Lot 8
  • 8


1,200,000 - 1,800,000 HKD
bidding is closed


  • ceramic
sturdily potted with a tapering body sweeping up to a broad shoulder and surmounted by a short neck and lipped mouth-rim, the exterior carved with large peony blooms with slender undulating petals above a thin concave band and a broad frieze enclosing upright petal lappets encircling the lower section of the vessel, covered unctuously overall save for the countersunk base with a translucent celadon glaze densely suffused with a network of ice crackles


Collection of the Chang Foundation, Taipei.


James Spencer (comp.), Selected Chinese Ceramics from Han to Qing Dynasties, Chang Foundation, Taipei, 1990, cat. no. 59.

Catalogue Note

This serenely shaped and decorated meiping is one of the rare examples of the early production of the Longquan kilns in Zhejiang province, in the Northern Song period (960-1127), before Longquan wares reached the height of their popularity. At this time, the kilns, located in China’s southeast, were faced with the strong competition of northern celadon kilns such as Yaozhou in Shaanxi, which had the immense advantage of being located close to the seats of power. With their pale green glazes and delicate incised designs, early Longquan wares show closer similarities to Yue wares, made further north in the same province, and at times to Yaozhou ware, than to later Longquan wares with their deeper green glazes, often free of design, and were previously often mistaken for Yue. Although the Yue kilns clearly exerted a strong influence, the Longquan kilns had in fact created a distinctive style of their own already in the Northern Song, with their delicate carved designs covering the vessel surface, enlivened by fine combing. Outstanding examples such as the present vase are, however, exceedingly rare.

The dramatic transformation of the Longquan production, in terms of material and workmanship, from the Five Dynasties period (907-960), when the kilns produced mainly funerary wares, to the Northern Song, when they turned to high-quality utilitarian ceramics, becomes apparent when comparing a related, but much more coarse vase with slightly angled shoulders, carved with a peony scroll between bands of petals, attributed to the Five Dynasties period, illustrated in Longquan qingci [Longquan celadon], Beijing, 1966, pl. 2.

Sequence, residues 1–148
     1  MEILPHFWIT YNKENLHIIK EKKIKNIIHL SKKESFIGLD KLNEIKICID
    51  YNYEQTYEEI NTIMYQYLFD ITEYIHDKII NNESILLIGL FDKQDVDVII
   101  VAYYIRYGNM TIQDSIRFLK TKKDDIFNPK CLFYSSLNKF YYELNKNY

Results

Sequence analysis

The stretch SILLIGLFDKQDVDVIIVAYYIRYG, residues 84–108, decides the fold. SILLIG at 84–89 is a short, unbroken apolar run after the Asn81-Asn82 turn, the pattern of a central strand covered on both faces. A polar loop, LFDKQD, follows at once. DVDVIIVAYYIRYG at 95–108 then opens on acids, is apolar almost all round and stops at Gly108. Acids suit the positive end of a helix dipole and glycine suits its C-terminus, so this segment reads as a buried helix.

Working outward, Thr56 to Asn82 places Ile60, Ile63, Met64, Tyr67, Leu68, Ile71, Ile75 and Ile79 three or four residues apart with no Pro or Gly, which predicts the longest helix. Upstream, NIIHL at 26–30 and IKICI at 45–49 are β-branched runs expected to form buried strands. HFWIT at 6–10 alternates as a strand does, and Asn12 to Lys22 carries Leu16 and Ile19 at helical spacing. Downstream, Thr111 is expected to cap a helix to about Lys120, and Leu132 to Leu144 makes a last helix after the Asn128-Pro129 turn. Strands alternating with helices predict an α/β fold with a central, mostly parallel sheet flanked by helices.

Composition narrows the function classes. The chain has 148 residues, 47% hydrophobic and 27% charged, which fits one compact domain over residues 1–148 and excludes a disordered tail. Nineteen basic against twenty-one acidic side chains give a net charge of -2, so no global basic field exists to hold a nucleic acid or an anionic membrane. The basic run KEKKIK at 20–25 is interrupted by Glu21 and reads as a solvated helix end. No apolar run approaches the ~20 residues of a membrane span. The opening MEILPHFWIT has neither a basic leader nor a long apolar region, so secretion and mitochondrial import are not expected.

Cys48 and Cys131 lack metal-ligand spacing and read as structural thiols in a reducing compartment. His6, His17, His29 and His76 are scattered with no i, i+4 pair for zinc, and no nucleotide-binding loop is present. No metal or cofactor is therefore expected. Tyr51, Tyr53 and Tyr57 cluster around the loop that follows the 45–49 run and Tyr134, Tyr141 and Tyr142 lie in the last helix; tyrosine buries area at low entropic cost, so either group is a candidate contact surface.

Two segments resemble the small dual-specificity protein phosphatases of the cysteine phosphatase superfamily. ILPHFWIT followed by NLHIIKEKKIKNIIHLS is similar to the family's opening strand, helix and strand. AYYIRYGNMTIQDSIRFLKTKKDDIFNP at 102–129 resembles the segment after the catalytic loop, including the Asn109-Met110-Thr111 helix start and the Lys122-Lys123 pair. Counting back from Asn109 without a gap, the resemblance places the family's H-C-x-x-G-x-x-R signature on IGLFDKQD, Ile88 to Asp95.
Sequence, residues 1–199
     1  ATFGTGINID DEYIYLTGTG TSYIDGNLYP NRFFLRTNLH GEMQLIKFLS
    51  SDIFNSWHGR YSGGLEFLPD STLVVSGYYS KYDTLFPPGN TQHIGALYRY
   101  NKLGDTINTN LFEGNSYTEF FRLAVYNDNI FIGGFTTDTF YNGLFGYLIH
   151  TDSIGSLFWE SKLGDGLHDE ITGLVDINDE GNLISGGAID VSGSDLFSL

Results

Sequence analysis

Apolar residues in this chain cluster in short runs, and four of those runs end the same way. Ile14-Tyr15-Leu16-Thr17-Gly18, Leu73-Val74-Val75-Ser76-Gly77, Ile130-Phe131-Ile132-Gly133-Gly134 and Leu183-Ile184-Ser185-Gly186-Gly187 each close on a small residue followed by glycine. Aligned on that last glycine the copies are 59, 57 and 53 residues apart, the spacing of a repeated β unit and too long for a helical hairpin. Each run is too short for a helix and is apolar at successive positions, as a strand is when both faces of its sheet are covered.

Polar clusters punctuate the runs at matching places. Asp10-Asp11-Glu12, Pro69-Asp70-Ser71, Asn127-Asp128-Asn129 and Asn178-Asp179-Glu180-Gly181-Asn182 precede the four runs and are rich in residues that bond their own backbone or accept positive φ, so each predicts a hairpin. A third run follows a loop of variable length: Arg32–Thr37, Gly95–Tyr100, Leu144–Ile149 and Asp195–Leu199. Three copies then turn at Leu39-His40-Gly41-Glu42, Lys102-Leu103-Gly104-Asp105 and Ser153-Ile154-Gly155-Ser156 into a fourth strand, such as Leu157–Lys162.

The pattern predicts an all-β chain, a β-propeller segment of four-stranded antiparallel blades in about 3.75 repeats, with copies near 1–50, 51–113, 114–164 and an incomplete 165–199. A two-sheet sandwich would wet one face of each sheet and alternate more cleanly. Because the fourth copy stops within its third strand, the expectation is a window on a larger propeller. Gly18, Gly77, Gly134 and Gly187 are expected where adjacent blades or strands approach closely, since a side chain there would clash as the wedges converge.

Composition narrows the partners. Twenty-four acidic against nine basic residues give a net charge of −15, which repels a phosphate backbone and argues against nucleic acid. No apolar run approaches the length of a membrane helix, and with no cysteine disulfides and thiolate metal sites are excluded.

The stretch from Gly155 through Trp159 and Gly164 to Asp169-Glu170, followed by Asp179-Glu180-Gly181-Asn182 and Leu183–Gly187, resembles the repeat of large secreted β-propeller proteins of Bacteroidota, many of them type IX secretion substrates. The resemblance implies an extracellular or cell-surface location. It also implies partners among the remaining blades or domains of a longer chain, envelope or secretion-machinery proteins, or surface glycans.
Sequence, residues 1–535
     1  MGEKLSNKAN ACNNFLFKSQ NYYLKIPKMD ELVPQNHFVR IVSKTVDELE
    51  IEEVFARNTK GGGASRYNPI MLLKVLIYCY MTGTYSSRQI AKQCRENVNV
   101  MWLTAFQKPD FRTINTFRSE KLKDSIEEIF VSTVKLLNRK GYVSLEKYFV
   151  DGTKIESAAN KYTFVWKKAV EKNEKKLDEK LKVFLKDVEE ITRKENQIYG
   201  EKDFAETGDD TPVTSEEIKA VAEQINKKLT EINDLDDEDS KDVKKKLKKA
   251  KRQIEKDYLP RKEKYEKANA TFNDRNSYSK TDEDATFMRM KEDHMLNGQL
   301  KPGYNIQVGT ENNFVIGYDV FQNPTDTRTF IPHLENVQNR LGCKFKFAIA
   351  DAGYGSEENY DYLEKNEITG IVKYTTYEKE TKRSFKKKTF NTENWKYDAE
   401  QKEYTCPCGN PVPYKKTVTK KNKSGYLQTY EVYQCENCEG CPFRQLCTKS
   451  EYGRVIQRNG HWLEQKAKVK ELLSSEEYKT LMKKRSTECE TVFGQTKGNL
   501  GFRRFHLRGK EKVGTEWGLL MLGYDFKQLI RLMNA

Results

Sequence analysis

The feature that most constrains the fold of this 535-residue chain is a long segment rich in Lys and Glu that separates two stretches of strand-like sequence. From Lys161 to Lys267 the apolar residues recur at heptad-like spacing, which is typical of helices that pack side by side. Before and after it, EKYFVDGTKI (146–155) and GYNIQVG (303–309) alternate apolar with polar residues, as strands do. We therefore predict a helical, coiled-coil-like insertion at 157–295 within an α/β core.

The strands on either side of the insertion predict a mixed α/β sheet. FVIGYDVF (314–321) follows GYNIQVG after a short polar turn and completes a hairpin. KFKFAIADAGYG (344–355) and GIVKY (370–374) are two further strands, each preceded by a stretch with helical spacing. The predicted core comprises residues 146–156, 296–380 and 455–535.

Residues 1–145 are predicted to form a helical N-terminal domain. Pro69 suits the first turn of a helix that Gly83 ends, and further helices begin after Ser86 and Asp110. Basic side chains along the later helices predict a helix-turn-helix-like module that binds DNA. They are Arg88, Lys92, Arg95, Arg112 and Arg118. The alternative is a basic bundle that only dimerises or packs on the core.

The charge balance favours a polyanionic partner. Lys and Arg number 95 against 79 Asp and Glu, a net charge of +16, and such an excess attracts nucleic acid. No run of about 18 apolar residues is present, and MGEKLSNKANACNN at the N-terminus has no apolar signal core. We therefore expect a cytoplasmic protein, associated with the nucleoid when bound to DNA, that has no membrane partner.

The present meiping with its well-rounded shoulders and relatively wide neck is harmoniously proportioned, the complex flower scroll that covers two thirds of the body gives it a generous air, and the bluish glaze tone is particularly successful. On comparable vases the design is mostly divided into narrower bands, the proportions vary a lot, and the glazes tend to be more olive green; see, for example, a larger meiping of this type, excavated in Songyang county, Zhejiang province, and now in the Songyang County Museum, carved with an additional band of lappets around the shoulder, frequently illustrated, for example, in Zhu Boqian, Longquan yao qingci/Celadons from Longquan Kilns, Taipei, 1998, pl. 69; and in Zhongguo Longquan qingci/Longquan Celadon of China, Hangzhou, 1998, pl. 47 and on the cover; a slightly smaller, densely decorated vase from the Sir Herbert and Lady Ingram collection, now in the Ashmolean Museum, Oxford, published in Sekai tōji zenshū/Ceramic Art of the World, vol. 12, Tokyo, 1977, col. pl. 179; another from the Dexing Shuwu collection, sold in our New York rooms, 18th March 2008, lot 86; and one showing two narrow bands of scrolling flowers and a larger section of petals, sold in these rooms, 5th November 1996, lot 725; a much smaller version, decorated with one band of peony scrolls above five ranks of overlapping petals, from the Yang De Tang collection, was sold in our New York rooms, 17th March 2015, lot 64.